Developing a new topic area by Matt Holland

In New Universities in the early 90’s “cutting edge” degrees in “new subjects” were approved almost daily, or it felt that way. Subject Librarians did heroic research to compensate for the lack of published material, bringing together anything they could find to form a collection to support the course. Substantial publications came once teaching staff had time to write the first textbooks. Anyone who was there will remember. It created some unlikely experts. For a brief period this blogger knew more about the literature of PR and advertising than almost anyone else alive. The knowledge of PR and advertising literature has faded but the experience of mastering “new” topics stayed.

A recent request for a “new topic” stirred some memories and prompted this reflection. The challenge is to create a collection and guide to support staff working in NHS 111.

#1 Subject Background

The first question … where does this subject come from? Most topics have some background in established areas of study or research. Areas relevant to NHS 111 could be Communication Research (listening skills, interpersonal communication, mediated communication, mediated advice, telephone communication), Management Research (customer care, call centre management, human resources, leadership) Information Technology (IT Skills, computer skills) and Emergency Medicine. You need to discuss this with practitioners to see where they are drawing ideas and research from. Just gives you a starting point to look for related resources.

#2 Is there a journal?

If there are no published books or textbooks, journals are the next stop. In the classic publication cycle diagram journals are usually established before textbooks and reference books are published anyway. Currently for NHS 111 the Journal of Telemedicine and Telecare partially fills part of the gap. In emerging areas specialist publishers tend to fill the gaps. Emerald, MA Healthcare for example in areas allied to medicine. In Medical areas Open Access publishers tend to lead. There are no hard and fast rules so a search for journals needs to be thorough.

#3 Broader journal collections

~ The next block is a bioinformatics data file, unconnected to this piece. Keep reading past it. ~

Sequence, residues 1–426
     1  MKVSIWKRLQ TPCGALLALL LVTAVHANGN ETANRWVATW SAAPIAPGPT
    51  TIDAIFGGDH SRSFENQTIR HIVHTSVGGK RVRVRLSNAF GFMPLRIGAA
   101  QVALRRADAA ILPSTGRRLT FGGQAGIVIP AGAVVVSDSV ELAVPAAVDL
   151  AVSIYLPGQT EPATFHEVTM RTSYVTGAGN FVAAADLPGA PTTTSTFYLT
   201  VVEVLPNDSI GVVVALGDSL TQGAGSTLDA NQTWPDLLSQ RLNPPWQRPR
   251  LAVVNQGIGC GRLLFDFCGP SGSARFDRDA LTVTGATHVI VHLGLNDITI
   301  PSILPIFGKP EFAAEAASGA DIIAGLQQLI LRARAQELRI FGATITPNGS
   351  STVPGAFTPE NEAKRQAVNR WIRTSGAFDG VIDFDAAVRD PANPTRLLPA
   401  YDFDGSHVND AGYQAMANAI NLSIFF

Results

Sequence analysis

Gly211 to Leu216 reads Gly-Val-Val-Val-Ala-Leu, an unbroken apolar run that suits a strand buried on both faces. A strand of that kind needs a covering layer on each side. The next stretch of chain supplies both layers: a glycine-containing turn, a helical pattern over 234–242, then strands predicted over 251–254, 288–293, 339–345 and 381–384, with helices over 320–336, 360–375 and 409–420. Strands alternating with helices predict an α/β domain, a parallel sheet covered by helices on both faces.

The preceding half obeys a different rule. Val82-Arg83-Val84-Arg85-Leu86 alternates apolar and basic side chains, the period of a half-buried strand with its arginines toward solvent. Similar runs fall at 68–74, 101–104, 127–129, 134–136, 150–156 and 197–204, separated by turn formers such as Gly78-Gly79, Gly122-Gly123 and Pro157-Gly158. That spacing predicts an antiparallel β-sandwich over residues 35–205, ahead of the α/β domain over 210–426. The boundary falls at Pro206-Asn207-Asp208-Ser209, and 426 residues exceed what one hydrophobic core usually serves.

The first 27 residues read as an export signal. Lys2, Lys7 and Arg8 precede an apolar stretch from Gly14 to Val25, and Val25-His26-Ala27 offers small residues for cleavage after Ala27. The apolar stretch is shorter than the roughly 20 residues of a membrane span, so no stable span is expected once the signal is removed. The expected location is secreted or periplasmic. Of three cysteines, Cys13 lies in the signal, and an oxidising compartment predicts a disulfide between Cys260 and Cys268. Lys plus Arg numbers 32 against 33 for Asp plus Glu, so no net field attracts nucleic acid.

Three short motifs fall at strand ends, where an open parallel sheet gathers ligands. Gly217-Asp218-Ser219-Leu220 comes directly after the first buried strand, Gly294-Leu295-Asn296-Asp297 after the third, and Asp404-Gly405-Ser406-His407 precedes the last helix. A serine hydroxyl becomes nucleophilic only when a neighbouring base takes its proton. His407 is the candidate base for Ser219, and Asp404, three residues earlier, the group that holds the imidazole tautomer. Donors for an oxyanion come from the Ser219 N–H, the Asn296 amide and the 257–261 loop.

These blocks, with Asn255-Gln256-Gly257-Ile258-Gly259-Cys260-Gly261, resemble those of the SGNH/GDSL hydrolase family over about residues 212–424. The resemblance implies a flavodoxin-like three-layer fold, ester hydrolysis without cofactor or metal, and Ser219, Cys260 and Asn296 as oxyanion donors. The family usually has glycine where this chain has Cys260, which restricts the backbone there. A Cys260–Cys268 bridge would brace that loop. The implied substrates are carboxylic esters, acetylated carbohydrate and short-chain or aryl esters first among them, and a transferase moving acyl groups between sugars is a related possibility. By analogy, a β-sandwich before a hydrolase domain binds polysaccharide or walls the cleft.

You can identify a broader collection of relevant journals through searches of Mendeley /CINAHL /EMBASE. You might have to export to your results to Reference Management Software, Hat Tip to Mendeley, to conduct a detailed trawl through the journal titles that come up most frequently. For topics related to telephone consultations/ advice there was a spread of articles into Emergency Medicine and specialist areas where telehealth is being implemented, stroke and cardiac care. There is some material on managing call centres in a health care setting in Health Care Business Elite, but it’s a variable with no real pattern emerging. It’s usually possible to pick out a selection of journal titles that might represent the topic. Clearly this can be refined over time.

#4 Databases to recommend

Which databases to recommend isn’t that hard in the first instance. Let’s just guess that Medline, CINAHL and EMBASE should cover most of the medical territory. Problems come if the new topics cross over to other disciplines. Anything to do with management or the broader social sciences is going to be a challenge. Health Care Business Elite is “less than optimum” management database. It’s hard to recommend supplementary databases beyond subject repositories (e.g. SSRN) or broad spectrum databases. If users have access to other libraries, for example a university, you could suggest they make use of those.

#5 Find some reference material

Could be a long shot but there may be some reference material out there somewhere. Glossaries of terms, reference style websites, anything really. Could try creating resources if you have time but this could be a bigger undertaking than the return you get from it. I did create a bibliography of relevant articles on Telemedicine in Prehospital & Emergency Care as a nod to having something.

#6 Links from the web

In the end you are going to have to rely on Google to help you compile list of links on the topic. I remember doing just this in the 1990’s using Netscape – remember that. List of links (<OL> <LI></LI></UL>) were the mainstay for online guides then and they are still useful now. Lists can easily be embedded in .pdfs or Word. A selection of the best resources curated by you is still better than throwing your users at Google.

#8 Professional associations

If there are any publications or content for a new topic they are likely to be produced by relevant professional or scholarly association. Finding and listing these could be a useful resource if they exist. They may also be linked to journals or professional magazines that you have missed.

#9 Search for other guides on the web

Some guides on the web are good and some are not. Even the bad ones can have links that you can re-use, suggest resources you hadn’t thought of or have a structure that you can adapt. You might find a colleague somewhere who is struggling with the same problem.

#10 Write your guide

You might at this stage have enough material to write the first draft of a guide to information resources for … . Writing a guide is the best way to test whether you have collected enough material to sustain a library “collection”. A guide is a great format to share with potential users to get their feedback. It’s a good idea as well to note that its under review or development until you are sure it’s going to work.

This is a live ongoing project. So any suggestions let me know! Early draft of the guide is here.

Matt Holland NWAS LKS supported by HCLU North @NWASLibrary

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